This birthday I'm marking ten years as a full-time musician, a bigger personal milestone than my thirty-five years of life, and I'm celebrating both with some of my closest friends. 

I am very, very thankful. 
vinceconaway: (Holland Head Shot)
I had a lovely time at Mardi Gras 2010 (Lombardi Gras), but as my Facebook feed fills with pictures from celebrating friends in NOLA I'm not really pulled to go to another. 

I'd love to spend some time with those friends, animated conversation over a cocktail or a bottle of wine. But parties per se aren't really my thing, and wild bacchanalia has never appealed to me. 

I've got friends who throw amazing gatherings, where I can conversation surf and enjoy the company of brilliant and interesting people. But, in my mind at least, that's a different ball game. 

Except when we're standing around a merrily burning windmill, a highlight of last year. 

Maybe I do miss it a little.  
vinceconaway: (Holland Head Shot)
It's been kind of a ludicrous week.

Saturday night I had dinner with my cousin Brad and his wife Ginger. Sunday night I went out with a bunch of faire performers. Monday I was north of Cincinnati to see Tiffany and Scott, while spending Tuesday in Dayton visiting Samantha and Kelly. Wednesday I was in Columbus for lunch with Shanna before dinner with Lilith, Michael, and Lilith's husband whose name shamefully escapes me. Minus Michael we had breakfast on Thursday, before I headed to Cincinnati and saw Noises Off, followed by a drink with a few cast members (I know Eileen from the Colorado faire).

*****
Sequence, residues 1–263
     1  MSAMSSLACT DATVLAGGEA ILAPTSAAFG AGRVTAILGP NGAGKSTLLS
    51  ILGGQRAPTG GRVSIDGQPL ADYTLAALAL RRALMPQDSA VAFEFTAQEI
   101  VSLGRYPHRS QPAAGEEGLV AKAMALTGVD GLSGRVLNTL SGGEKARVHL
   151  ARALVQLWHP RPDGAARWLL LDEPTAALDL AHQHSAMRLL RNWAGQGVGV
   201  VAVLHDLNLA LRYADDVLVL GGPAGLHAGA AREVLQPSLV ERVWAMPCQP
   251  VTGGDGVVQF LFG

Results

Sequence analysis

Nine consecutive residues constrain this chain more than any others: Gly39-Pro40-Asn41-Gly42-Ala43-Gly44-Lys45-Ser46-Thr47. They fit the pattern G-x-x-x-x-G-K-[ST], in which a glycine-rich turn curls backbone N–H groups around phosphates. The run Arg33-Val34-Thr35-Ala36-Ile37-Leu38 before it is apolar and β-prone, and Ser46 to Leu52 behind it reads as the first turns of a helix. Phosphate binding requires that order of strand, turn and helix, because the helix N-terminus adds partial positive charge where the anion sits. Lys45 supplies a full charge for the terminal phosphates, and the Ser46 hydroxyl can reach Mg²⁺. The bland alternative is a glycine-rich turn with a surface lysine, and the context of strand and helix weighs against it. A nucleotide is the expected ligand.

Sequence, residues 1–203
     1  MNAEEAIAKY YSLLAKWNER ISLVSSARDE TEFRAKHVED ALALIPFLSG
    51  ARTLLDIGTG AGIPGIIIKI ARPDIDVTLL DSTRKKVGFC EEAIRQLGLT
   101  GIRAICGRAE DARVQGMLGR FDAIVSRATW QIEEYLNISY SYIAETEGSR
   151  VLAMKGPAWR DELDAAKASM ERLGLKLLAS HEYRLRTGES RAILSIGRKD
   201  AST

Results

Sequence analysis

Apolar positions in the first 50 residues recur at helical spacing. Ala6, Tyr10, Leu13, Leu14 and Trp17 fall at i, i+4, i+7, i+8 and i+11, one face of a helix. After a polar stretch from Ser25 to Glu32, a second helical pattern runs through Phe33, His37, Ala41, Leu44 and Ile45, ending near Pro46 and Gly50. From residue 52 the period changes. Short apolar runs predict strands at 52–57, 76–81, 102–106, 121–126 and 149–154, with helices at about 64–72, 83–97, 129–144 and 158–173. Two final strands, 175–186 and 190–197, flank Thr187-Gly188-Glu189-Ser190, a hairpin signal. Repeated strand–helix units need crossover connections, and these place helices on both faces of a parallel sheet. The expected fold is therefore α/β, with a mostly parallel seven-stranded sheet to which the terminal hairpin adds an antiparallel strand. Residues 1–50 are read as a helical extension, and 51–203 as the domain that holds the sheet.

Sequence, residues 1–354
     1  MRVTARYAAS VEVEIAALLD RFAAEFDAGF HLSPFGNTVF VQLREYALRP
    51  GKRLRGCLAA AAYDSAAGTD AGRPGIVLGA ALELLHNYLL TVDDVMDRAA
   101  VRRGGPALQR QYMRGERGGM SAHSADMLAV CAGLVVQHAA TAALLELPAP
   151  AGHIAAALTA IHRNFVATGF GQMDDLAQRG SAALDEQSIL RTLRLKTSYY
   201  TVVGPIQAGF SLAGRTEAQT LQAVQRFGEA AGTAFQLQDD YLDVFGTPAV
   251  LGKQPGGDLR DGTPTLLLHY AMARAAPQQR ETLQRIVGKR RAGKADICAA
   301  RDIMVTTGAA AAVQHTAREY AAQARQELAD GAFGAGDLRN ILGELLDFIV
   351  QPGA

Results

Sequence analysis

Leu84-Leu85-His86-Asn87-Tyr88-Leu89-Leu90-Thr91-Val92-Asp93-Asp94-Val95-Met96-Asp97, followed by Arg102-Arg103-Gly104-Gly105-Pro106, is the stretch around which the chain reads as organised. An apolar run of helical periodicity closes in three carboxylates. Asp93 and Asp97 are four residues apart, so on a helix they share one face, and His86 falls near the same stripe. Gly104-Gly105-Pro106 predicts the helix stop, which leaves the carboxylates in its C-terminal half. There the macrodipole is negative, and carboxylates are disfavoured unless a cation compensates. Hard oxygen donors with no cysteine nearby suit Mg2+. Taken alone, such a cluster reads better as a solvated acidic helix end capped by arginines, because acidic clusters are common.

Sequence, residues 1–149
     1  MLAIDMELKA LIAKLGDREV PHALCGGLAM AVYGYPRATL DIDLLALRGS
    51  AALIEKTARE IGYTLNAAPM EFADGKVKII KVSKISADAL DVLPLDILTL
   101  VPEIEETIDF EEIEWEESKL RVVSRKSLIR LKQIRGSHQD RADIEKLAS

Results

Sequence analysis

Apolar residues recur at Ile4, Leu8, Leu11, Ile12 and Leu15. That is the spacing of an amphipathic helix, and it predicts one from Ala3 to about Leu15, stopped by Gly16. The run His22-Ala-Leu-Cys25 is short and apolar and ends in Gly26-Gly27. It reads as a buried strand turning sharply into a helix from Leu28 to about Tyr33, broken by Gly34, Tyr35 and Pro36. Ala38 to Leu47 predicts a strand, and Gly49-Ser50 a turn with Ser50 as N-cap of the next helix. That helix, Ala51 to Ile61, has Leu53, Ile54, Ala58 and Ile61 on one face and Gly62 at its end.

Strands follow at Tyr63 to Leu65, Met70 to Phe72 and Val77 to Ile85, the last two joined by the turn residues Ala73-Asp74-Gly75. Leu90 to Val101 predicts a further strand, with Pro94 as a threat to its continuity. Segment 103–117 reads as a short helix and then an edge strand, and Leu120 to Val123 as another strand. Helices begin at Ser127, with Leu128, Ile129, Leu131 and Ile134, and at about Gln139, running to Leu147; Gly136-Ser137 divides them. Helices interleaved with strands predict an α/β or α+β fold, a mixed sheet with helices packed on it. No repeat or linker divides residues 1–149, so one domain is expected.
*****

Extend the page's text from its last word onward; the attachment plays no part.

And it's far from over. Saturday night I'll commute to Youngstown after the Pittsburgh faire for a cousin's wedding reception. I'll go out on Sunday for the big end-of-show gathering, then visit my parents on Monday. Tuesday I board a plane to Seattle, where it'll be great to see Tim and Truly again!

It hasn't been an exclusively social week, however. At OSU I flipped through a sixteenth century book on music theory enough to decide I must own it, and at UC I found a bunch of Italian lute music from that era I want to bring to the dulcimer. I got a copy of my MA paper while I was there, and am pleased to realize it doesn't suck. And I've run the assorted errands required to prep for flying a dulcimer transcontinentally. It's been a great week!


Oct. 27th, 2009 12:33 am
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It's been a wonderful two months; here are some of the memories I'm taking away.

Long, rambling, philosophical conversations over wine with close friends.

Turning Facebook into a drinking game.

My New York City performing debut at Marrus' book release party.